top of page

I’m Not Just Bull Headed!

Dr. Crapo

Q: Dr. Crapo: Six months ago I was eating dinner while vacationing in Los Angeles, when all of a sudden I felt a very large hard piece in my food. It was a crown that had broken off leaving a big hole and very bad smell and taste. The next day I found an emergency dentist who said that the roots left in my bone should be extracted and a bridge placed to fill the space. I told him I wanted him to do whatever he had to, to glue that crown back in. He said it was almost impossible as diseased gum tissue had started to grow up through the roots. I pressed him to glue in back in, so he did his best. It held for about five months. When it came out again, I saw a dentist and he told me the same thing, but again I persuaded him to glue it back in. As you can see I don’t want to lose anything that’s mine. The second guy said it would be best to take the roots out, put some bone in the hole and then get an implant. When I asked him what the bone was, he said it was cow bone. Cow bone! I don’t want anybody else’s DNA in my body and that’s no bull! I want someone to save this tooth! I don’t care what it costs. What’s wrong with that? Got any ideas!

A: Normally a tooth that has diseased gum tissue growing up between the roots is removed because of decay that has eaten away the base of the tooth, and part of the roots as well.

To put your mind at rest, bone collected from different animal species and also bone collected from those who have donated it for medical purposes, is treated, so that foreign DNA is not being put into your body. The DNA markers are removed so there’s no host against graft rejection. This is also done with skin tissue used in burn units as well. I’ve used it for over ten years without incident. My first counsel would be to extract the roots, graft the bone, then place an implant and crown. Having said that, there is an outside possibility to save at least some of the root. If part of the root system is decayed, a root amputation will eliminate the bad portion and with careful surgery, enough of the remaining root can be used to support a new crown. But, you could end up spending nearly as much to save your tooth, as putting in an implant. And the final result may not be as strong. Few perform this operation anymore because implants have become so predictable. However, make sure to discuss with the attending dentist, an alternate plan, in the event the surgery is not possible.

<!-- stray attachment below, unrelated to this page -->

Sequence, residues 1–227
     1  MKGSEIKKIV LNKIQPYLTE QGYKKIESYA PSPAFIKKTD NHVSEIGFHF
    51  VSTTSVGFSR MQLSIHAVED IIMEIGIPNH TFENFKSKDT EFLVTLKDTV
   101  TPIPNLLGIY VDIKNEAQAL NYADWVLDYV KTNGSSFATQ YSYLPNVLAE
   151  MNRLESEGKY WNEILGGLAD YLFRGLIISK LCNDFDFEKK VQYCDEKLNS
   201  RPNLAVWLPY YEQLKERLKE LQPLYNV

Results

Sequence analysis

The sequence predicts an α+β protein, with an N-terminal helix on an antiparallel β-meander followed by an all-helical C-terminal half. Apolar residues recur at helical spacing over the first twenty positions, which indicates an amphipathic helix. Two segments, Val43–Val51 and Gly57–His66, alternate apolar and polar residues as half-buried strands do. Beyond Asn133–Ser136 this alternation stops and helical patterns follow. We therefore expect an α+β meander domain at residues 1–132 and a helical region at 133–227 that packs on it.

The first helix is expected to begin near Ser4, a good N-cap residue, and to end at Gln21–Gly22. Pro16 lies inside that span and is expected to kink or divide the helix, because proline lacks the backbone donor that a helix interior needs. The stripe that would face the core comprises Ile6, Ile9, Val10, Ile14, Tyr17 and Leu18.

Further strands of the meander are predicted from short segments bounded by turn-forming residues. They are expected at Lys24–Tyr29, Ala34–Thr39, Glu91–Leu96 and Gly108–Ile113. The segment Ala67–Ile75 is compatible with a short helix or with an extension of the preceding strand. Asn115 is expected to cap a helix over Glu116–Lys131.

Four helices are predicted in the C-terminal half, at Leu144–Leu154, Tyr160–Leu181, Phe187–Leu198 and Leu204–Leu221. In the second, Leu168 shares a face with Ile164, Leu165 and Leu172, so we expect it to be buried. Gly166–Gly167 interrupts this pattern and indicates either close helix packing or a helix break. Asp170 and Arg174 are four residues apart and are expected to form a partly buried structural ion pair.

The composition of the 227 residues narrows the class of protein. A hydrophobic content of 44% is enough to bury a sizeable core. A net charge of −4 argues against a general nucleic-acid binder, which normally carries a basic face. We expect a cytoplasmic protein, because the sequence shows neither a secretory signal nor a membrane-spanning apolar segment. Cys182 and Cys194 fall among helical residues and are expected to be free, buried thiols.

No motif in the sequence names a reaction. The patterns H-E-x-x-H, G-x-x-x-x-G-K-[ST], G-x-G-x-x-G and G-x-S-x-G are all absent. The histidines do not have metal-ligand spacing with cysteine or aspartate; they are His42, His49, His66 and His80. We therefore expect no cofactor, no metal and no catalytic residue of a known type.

If we can help, we’d like to. Call 778-410-2080 for a consultation.


Ask The Dentist

Dr. Crapo gives his readers free dental advice.

Blog Entries

Read more on various topics relating to dental and oral health.

bottom of page